Rereading as requirement : the cognitive demands of Mallarmé, Krysinska, and Proust
- This dissertation claims that three French-language authors from the late-nineteenth century designed their works to demand rereading. Worried that the public favored goal-oriented approaches to literature that narrowed their perceptions of the texts, they solicited rereading to cultivate alternative interpretive practices. For Stéphane Mallarmé, the problem was that readers targeted semantic content--an approach that he feared would diminish his poetry's sensorial effects. In Marie Krysinska's view, the issue was that people's inclination to assimilate new concepts based on what they already knew caused them look for familiar features and discard leftover details. Marcel Proust attacked the common practice of reading for the wisdom of the author because doing so seems to make readers struggle to evaluate the reliability of the information that they are given. By causing these approaches to fail and then inciting us to reexamine the passages that we misread, all three of these writers disperse our attention to aspects of literature that we otherwise tend to neglect. Ultimately, the claim is that Mallarmé, Krysinska, and Proust designed their texts to challenge interpretive habits that arise from what are now called "cognitive biases, " or mental inclinations that can be inferred from the patterns of errors that most people when they make intuitive judgments about uncertain situations. By cultivating our awareness of these biases and by furnishing us with opportunities to practice working through them, certain literary texts seem to have the potential to restructure our interpretive habits so that we learn to recognize, anticipate, and avoid some of the irrational interpretations to which we are prone.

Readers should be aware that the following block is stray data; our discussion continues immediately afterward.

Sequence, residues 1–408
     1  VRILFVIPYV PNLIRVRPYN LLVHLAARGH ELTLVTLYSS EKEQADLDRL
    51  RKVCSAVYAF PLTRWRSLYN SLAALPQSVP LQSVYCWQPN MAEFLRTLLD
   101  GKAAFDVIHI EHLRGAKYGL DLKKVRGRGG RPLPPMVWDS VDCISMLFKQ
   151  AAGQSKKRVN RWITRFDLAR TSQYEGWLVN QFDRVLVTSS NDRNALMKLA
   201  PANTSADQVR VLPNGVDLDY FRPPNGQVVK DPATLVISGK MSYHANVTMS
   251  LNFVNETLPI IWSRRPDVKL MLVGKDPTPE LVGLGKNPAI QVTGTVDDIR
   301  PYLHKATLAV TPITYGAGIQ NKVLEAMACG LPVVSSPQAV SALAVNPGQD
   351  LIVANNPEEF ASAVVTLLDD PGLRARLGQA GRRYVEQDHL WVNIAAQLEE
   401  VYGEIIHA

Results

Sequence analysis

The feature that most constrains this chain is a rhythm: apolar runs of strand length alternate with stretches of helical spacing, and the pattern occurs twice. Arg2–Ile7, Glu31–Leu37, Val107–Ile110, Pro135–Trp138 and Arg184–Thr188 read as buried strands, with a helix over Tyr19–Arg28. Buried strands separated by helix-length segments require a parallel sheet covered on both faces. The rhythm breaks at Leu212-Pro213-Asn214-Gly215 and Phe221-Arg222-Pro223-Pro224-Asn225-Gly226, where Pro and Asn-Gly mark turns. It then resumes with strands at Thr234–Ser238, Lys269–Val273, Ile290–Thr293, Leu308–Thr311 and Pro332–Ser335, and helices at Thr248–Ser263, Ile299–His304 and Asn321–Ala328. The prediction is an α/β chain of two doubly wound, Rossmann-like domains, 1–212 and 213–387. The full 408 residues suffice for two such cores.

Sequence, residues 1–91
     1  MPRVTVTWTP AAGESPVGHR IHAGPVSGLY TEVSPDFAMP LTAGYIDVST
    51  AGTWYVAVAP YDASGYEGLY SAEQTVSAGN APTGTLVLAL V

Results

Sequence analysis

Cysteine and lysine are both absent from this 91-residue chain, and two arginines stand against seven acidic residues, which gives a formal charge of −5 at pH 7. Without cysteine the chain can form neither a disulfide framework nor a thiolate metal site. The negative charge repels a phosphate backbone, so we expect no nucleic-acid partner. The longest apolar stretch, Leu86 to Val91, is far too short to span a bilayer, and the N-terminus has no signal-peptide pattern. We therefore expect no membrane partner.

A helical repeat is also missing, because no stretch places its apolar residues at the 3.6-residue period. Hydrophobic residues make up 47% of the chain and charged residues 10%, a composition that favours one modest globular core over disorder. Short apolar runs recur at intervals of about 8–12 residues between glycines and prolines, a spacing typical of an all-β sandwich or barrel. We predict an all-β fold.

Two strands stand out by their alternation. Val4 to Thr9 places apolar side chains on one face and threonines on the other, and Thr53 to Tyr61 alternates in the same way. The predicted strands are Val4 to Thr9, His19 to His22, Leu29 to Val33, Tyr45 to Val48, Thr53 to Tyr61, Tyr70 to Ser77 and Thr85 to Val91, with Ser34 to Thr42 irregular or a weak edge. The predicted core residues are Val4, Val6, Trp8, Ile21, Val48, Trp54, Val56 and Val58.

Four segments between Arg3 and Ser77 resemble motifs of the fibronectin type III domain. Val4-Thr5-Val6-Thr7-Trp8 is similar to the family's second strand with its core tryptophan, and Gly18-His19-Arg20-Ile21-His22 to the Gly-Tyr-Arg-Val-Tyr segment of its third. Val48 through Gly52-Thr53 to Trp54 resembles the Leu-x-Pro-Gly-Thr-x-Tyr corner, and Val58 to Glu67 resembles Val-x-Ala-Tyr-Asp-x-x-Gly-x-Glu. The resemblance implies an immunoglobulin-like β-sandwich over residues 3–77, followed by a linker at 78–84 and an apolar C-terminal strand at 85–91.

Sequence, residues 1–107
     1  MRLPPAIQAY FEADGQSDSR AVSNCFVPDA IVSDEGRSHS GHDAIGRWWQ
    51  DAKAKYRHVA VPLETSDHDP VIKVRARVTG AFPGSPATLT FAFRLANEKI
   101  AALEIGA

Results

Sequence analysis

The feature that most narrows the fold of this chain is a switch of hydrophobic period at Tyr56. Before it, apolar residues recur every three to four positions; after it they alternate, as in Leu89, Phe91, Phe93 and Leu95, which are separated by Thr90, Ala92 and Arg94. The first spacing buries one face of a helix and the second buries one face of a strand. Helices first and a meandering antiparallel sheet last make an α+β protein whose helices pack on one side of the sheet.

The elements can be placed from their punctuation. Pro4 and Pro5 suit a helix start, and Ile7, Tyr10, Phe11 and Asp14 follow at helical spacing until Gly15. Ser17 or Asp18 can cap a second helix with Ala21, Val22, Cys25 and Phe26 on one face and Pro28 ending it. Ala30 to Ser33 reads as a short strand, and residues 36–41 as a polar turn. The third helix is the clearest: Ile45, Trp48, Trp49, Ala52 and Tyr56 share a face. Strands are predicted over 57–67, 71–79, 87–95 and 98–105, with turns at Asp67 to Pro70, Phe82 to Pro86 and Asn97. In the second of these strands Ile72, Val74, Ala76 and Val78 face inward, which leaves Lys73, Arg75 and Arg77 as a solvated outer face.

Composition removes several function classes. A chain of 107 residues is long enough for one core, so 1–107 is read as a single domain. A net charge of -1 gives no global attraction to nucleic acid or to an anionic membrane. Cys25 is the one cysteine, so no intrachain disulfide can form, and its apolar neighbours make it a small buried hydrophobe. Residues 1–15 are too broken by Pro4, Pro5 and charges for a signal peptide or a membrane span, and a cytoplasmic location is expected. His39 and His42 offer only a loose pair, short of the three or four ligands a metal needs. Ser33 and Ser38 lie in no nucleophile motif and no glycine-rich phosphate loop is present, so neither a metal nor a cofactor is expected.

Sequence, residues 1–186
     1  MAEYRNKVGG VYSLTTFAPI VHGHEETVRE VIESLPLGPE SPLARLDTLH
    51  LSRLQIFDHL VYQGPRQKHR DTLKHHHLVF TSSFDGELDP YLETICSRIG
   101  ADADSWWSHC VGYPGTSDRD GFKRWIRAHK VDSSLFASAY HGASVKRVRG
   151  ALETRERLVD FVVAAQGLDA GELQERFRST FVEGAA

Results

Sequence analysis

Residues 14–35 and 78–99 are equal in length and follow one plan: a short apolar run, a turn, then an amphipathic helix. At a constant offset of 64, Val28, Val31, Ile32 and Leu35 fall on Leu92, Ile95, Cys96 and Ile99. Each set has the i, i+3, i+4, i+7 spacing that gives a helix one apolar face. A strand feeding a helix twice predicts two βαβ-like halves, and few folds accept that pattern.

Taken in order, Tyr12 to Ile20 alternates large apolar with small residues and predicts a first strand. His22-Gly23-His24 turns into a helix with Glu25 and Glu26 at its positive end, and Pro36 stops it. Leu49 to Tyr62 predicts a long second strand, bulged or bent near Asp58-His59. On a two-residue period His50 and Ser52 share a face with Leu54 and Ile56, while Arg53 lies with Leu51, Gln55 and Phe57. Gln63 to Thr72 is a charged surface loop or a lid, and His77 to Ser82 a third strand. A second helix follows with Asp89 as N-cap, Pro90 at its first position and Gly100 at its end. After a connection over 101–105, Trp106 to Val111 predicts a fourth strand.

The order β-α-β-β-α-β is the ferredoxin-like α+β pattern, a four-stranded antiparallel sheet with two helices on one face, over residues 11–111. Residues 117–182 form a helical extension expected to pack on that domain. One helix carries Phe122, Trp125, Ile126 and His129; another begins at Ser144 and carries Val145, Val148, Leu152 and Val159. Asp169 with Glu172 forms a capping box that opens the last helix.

|Type of resource
|electronic; electronic resource; remote
|1 online resource.
|Gardner, Darci Lauren
|Stanford University, Department of French and Italian.
|Landy, Joshua, 1965-
|Landy, Joshua, 1965-
|Statement of responsibility
|Darci Lauren Gardner.
|Submitted to the Department of French and Italian.
|Ph.D. Stanford University 2013
- © 2013 by Darci Lauren Gardner
- This work is licensed under a Creative Commons Attribution Non Commercial 3.0 Unported license (CC BY-NC).
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